Trichomoniasis is a sexually transmitted bacterial infection. Women with trichomoniasis may experience burning, itchiness and have milky-white or grey vaginal discharge with an unpleasant, often fish-like odor. Yet there are times when trichomoniasis is symptomless. A single dose of the correct antibiotics should do the trick.

Want to know more? Click here to discover everything you need to know about pelvic health. 

Yeast infectionbladder infection | Longevity LIVE

Candida albicans is a bacterium which has an important role in your gut. However, if the bacterial balance is destabilized, candida can grow into a yeast infection. The vaginal infection is known as thrush, and the symptom is obvious: it’s itchy! You can get an anti-fungal suppository medication for thrush from your local pharmacy, “but if you have to use it more than five times a year, you will probably develop resistant candida,” warns Rudolph.

“Natural or alternative remedies include a low-sugar and -yeast diet, curcumin extract, olive leaf extract and caprylic acid,” says Gunn.

Female hygiene

“Wash your genitals like you wash under your arms, never inside. Avoid bubble baths. If you have a little bit of discomfort, you can use something like a soothing gel from Femogene. But never, ever, under any circumstances, douche!” exclaims Rudolph. Douching with common shelf-bought products has been found to increase vaginal irritation and bacterial imbalance.

HPV (Human papilloma virus)

HPV is a virus that can take up residence on your cervix. It doesn’t usually cause symptoms at first, but certain strains can cause genital warts and other strains have bene linked to 80% of cervical cancer cases. An HPV vaccination is available in South Africa, but there is no medication to treat HPV. However, if you have pre-cancerous or cancerous cells on the cervix, cryotherapy can be used to eradicate them. Interesting findings are now appearing on the natural medicine front. Reishi mushrooms and curcumin has been shown to lead to positive results.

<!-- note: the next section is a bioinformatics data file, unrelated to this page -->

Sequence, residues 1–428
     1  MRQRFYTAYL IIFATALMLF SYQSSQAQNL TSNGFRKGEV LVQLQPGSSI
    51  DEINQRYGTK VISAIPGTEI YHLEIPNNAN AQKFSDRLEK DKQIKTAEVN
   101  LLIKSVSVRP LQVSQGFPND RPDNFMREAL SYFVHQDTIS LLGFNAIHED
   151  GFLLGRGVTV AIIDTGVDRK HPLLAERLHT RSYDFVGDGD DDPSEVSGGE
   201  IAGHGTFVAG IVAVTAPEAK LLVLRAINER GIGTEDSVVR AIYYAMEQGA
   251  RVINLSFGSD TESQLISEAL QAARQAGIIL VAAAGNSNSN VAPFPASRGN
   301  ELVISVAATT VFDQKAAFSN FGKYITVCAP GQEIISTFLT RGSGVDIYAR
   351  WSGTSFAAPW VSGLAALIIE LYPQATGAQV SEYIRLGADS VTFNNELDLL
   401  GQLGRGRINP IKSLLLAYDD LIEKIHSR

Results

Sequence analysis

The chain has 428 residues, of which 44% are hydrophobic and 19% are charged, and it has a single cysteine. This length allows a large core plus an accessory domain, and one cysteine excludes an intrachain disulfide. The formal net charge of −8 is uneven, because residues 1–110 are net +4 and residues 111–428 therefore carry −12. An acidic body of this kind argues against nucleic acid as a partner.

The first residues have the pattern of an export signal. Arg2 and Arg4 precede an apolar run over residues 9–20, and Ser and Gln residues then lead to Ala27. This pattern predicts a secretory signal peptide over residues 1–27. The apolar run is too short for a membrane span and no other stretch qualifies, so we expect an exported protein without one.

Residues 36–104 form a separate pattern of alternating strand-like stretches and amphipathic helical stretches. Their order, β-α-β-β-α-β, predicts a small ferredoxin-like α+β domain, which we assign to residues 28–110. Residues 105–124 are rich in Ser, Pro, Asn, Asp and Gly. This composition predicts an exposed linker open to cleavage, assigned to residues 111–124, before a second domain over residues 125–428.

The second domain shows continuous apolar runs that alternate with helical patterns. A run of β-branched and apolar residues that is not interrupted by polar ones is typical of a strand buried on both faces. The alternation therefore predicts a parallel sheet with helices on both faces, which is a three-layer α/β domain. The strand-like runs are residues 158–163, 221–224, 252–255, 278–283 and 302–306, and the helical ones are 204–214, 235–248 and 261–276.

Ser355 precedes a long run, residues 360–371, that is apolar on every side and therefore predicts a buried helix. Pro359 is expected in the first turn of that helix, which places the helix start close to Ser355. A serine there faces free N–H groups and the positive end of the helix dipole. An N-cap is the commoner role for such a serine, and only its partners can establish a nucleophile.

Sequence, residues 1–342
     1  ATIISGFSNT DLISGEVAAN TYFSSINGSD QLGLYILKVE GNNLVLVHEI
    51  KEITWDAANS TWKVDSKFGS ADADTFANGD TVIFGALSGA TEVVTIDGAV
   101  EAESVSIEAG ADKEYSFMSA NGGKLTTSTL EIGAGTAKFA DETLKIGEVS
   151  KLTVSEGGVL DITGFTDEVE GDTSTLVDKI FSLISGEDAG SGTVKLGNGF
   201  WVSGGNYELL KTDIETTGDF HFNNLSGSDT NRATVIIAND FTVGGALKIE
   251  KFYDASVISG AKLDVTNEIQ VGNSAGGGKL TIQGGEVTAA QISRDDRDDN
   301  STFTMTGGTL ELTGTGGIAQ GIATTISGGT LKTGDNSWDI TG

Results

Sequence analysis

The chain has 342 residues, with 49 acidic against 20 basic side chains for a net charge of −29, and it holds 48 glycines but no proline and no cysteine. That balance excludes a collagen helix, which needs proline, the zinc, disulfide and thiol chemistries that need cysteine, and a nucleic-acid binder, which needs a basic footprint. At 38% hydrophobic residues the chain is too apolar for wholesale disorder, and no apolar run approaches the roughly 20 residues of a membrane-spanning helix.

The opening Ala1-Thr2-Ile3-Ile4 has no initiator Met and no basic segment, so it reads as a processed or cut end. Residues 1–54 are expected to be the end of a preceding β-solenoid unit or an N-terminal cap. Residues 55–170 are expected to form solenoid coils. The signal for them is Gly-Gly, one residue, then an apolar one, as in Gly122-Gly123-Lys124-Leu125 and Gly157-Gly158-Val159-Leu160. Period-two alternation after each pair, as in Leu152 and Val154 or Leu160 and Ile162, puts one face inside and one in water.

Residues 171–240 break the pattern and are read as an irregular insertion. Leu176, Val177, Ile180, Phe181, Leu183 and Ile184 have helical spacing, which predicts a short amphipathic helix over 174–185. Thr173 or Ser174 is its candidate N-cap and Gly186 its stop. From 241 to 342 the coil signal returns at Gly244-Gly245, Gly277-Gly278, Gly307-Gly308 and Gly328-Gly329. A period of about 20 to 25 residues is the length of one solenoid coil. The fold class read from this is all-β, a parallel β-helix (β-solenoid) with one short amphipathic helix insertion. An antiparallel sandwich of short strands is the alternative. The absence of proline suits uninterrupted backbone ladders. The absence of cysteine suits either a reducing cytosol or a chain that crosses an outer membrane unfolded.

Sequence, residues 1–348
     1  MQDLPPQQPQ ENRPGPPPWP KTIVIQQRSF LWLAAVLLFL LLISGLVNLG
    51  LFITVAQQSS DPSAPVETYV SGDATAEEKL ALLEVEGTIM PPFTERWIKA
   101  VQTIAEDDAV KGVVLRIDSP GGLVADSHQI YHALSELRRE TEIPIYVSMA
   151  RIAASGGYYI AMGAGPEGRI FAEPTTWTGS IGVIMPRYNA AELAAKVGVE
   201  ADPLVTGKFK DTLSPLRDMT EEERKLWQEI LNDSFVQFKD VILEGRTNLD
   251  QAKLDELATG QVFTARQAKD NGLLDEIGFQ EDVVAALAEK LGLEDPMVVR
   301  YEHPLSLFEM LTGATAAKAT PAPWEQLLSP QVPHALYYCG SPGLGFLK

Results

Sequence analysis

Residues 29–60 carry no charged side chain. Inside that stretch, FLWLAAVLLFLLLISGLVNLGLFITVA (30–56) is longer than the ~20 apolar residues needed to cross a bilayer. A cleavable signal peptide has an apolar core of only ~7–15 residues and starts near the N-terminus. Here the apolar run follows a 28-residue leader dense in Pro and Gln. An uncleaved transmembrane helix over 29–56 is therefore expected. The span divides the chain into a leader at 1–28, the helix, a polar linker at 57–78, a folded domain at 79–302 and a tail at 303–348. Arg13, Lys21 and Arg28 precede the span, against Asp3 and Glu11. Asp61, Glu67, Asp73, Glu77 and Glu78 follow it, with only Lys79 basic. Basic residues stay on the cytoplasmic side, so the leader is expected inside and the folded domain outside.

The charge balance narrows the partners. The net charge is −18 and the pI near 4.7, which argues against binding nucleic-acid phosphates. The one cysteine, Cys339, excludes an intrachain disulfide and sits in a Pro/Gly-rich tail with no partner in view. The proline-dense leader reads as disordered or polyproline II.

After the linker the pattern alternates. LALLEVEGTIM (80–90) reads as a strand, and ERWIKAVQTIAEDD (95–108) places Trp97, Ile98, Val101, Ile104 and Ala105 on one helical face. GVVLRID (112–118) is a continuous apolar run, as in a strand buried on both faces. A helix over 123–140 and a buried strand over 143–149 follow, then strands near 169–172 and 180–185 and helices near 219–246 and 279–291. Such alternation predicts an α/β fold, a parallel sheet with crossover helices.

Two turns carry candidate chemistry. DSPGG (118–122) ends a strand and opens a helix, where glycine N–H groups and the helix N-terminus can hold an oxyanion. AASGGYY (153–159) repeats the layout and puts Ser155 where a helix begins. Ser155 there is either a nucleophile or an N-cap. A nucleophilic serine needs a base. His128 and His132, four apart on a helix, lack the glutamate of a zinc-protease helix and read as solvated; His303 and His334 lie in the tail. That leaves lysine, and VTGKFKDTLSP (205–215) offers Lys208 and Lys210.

Genital herpes

This is a highly contagious virus. Falling into the simplex family, genital herpes is simplex-2 (HSV-2) and cold sores (mouth) simplex-1 (HSV-1). Both viruses can be transmitted via oral sex and both can activate either on the mouth or genitals.

“The virus resides in the nerves of the skin, genitals and anus, causing painful blister-like lesions,” says Gunn. “Conventional treatment consists of selective antiviral agents, which suppress the herpes virus, but cannot completely kill it. These drugs reduce the frequency and severity of the infection only.”

SyphilisSTDs | Longevity LIVE

Syphilis is one of the more serious bacterial STDs; if left untreated, it can be fatal. Once it takes hold, syphilis can eat away at tissue anywhere in the body, but can be treated easily with antibiotics. The first sign of this infection is a small, painless sore at the site of the infection, which appears within 10 days to three weeks of exposure. It usually occurs on the genital or mouth, but can sometimes be found on other parts of the skin. If syphilis is passed from mother to unborn child, it can have devastating consequences.

Click here to find out about the results of WHO revising STD treatment guidelines.